Brexit update on Trade Marks
We thought we would focus on the practical implications of Brexit on trade mark protection in the UK with a simple Q&A.
Will I need to file separate EU and UK applications after Brexit (possibly 2019)?
Almost certainly yes, unless the UK and the EU agree a compromise.
What about my existing EU registrations?
There has been much discussion as to whether existing EU registrations will be automatically transferred over to the UK register. The favoured approach at the moment is the so called ‘Montenegro Option’, where all registrations would be automatically transferred without the owner needing to pay additional fees. However as there would be a cost implication to this, there is the strong possibility that the final agreement would mean existing registration owners would have to pay an additional fee and top up application to ensure that transfer to the UK Register did indeed happen. It is now prudent to consider refiling a stand-alone UK trade mark application to ensure coverage in the UK if this market is of strategic commercial importance.
What will happen if my EU application is pending or opposed when the UK officially exits the EU?
Again, there is no clarity on this issue, however it appears that the UK and the EU are considering allowing pending EU applications (including those under opposition) to remain with the EUIPO until registration.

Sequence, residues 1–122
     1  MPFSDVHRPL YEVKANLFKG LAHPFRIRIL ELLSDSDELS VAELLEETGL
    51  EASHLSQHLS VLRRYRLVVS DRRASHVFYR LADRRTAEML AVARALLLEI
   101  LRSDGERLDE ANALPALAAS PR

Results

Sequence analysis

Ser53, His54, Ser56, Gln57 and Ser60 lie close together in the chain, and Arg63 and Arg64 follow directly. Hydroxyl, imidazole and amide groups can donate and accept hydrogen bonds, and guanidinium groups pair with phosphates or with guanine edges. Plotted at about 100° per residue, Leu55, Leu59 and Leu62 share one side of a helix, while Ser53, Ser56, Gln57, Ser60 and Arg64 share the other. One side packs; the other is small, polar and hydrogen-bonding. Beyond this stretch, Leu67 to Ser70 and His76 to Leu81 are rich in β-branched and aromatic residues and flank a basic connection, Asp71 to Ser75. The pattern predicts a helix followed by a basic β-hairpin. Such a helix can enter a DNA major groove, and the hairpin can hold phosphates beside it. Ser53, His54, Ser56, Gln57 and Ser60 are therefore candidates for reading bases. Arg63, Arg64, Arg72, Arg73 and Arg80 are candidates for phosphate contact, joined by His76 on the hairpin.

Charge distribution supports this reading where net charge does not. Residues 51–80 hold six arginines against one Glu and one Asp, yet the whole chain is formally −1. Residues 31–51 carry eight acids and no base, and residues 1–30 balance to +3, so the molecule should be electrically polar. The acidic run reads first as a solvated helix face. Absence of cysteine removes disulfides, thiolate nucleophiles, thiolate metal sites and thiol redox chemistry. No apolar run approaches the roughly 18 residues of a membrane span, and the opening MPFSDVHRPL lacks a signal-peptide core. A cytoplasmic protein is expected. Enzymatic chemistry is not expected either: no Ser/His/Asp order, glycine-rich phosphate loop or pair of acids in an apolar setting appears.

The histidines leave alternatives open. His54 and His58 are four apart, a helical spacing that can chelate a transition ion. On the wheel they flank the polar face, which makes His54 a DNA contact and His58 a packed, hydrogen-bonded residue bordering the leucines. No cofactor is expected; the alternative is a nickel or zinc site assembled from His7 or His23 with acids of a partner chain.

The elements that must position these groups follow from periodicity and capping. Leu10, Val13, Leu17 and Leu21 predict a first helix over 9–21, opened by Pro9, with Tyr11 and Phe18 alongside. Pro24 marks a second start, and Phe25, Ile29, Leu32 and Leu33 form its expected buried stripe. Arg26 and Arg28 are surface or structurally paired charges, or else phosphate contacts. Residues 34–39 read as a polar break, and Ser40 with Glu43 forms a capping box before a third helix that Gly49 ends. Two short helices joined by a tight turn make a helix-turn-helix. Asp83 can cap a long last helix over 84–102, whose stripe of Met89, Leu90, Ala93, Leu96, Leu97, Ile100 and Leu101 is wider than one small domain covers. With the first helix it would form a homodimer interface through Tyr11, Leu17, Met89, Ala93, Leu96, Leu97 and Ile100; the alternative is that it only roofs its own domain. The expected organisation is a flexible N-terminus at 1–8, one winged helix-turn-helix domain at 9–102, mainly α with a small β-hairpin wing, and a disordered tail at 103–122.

What about agreements and licences involving EU marks?
Co-existence agreements, licences and other agreements having effect in the EU should be reviewed now as they may need amending. Also registration owners who have been involved in litigation relating to EU should also review their settlement agreements. New licences and agreements should be worded carefully to ensure that they are ‘Brexit’ ready.
Will I be able to rely on use of my trademark in the EU to support a UK registration?
If a system for transfer of EU registrations onto the UK register does come into effect, there are difficulties for the UK concerning trade mark use. All newly created UK ‘Ex EU’ registrations would become vulnerable to a non-use cancellation action five years after the original EU registration date. Brand owners should consider their geographic use strategy in light of this issue.